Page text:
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Epstein-Barr virus may contribute to the pathogenesis of adult-onset recurrent respiratory papillomatosis: A preliminary study



Rok publikování 2020
Druh Článek v odborném periodiku
Klíčová slova Epstein- Barr Virus Infections; Larynx Neoplasms; Papillomatosis; Papillomavirus Infections; Respiratory Tract Infections; Risk Factors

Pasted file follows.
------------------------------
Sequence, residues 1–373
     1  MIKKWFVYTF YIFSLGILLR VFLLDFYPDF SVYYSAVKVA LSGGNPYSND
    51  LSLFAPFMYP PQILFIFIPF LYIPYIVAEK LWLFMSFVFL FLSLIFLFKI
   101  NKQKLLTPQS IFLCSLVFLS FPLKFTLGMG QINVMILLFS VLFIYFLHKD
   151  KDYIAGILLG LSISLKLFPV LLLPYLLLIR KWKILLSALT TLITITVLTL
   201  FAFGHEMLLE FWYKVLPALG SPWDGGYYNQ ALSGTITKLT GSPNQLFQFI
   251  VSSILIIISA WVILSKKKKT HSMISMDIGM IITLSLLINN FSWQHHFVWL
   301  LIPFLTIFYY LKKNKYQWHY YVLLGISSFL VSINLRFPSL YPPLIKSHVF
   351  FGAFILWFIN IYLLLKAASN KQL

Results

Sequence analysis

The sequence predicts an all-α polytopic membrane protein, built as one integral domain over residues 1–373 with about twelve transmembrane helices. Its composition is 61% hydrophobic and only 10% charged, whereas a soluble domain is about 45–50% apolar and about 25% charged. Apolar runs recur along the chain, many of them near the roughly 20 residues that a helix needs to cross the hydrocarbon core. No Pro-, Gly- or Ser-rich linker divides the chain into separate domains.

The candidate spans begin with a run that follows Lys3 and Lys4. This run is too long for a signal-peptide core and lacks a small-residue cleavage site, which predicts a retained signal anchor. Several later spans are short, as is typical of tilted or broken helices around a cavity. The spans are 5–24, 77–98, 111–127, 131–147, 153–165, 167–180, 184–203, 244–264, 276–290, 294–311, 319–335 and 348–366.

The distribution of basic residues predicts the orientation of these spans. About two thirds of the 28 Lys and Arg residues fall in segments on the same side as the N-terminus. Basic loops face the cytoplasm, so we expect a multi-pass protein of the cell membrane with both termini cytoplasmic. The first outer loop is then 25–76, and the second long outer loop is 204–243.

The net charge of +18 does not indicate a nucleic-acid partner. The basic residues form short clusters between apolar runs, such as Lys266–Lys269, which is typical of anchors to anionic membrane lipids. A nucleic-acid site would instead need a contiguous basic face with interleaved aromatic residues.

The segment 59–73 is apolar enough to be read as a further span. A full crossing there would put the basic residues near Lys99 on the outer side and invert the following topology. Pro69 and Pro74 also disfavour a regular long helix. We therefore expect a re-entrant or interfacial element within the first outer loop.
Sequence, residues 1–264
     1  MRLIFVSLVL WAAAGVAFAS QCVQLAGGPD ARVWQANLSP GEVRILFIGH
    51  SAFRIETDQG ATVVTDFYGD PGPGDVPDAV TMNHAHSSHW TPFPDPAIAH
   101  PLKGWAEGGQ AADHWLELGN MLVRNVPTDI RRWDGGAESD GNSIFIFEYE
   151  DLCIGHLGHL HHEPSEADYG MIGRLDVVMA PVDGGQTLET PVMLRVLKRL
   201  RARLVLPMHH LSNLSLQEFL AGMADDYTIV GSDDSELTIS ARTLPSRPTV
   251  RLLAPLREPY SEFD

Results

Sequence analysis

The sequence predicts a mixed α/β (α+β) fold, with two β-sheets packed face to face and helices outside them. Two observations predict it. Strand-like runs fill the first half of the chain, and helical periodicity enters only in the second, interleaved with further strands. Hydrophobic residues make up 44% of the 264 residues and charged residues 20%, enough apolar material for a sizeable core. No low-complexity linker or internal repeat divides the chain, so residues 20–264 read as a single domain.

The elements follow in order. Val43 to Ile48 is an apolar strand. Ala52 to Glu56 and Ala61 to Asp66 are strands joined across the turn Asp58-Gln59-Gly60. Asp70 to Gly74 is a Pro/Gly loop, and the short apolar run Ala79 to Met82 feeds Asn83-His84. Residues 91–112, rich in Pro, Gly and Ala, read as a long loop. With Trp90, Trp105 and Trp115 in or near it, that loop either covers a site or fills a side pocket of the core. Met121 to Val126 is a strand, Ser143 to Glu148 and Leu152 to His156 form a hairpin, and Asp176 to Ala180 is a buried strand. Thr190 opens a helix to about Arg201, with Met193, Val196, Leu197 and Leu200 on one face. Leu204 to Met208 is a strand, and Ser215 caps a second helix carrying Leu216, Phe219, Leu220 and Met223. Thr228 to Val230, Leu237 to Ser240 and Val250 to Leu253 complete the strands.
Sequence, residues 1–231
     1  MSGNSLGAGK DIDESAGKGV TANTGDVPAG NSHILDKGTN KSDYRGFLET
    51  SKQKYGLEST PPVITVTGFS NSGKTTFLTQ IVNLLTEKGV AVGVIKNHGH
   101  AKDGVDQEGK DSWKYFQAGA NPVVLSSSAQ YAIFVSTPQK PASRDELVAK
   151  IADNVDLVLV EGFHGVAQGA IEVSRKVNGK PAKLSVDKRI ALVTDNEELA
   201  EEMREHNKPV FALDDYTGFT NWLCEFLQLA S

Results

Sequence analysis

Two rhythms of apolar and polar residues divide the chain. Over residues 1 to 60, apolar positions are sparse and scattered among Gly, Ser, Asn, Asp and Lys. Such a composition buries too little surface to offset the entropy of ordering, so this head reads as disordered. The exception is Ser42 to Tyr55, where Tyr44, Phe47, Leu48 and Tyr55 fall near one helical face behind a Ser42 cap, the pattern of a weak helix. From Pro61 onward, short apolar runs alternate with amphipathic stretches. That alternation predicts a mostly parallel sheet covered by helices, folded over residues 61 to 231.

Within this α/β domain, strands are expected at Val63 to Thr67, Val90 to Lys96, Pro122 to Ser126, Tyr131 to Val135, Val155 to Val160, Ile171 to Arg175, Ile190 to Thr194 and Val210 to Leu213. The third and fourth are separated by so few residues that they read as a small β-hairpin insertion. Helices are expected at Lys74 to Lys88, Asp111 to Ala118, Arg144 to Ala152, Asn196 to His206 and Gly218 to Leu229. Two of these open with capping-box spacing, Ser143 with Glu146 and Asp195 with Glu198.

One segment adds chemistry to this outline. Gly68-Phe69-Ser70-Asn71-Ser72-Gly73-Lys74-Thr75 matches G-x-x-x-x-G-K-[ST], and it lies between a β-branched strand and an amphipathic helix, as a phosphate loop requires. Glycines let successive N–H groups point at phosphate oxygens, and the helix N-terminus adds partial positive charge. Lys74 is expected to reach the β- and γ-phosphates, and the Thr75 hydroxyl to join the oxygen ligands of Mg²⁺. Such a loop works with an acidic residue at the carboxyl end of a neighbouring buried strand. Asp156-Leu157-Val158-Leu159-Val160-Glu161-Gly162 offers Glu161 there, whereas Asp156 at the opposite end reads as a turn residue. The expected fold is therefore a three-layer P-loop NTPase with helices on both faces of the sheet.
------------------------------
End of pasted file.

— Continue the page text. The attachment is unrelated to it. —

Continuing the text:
Popis Objective Human papillomavirus (HPV) causes adult-onset recurrent respiratory papillomatosis (AORRP), but AORPP prevalence is much lower than HPV prevalence. Thus, HPV infection is necessary, but not sufficient, to cause AORRP and other factors likely contribute to its pathogenesis. The present study aimed to investigate whether co-infection with herpetic viruses may contribute to the pathogenesis of AORRP. Design Prospective case-control study conducted from January 2018 to November 2019. Settings Tertiary referral centre. Participants Eighteen consecutive patients with AORRP and 18 adults with healthy laryngeal mucosa (control group) undergoing surgery. Main outcome measures Cytomegalovirus, Epstein-Barr virus (EBV), herpes simplex viruses 1 and 2, human herpesvirus 6, varicella zoster virus and HPV (including genotyping) were detected in biopsies of papilloma or healthy mucosa using real-time polymerase chain reaction and reverse line blot. Dysplasia and Ki67 levels were determined in papilloma specimens. Results EBV was present in 6 (33.3%) AORRP patients and no control patients (P = .019). Presence was not dependent on tobacco exposure (P = .413) or HPV genotype or concentration (P > .999). EBV presence was strongly related to increased cell proliferation (P = .005) and number of previous surgeries (P = .039), but not dysplasia (P > .999). Human herpesvirus 6 was found in 3 (16.7%) AORRP biopsies, with one false positive. No other herpetic virus was found. Conclusions Unlike other herpetic viruses, EBV seems to interact with HPV, enhancing cell proliferation and contributing to the pathogenesis and progression of AORRP. Further research is required to elucidate specific interactions and their role in the pathogenesis of AORRP.

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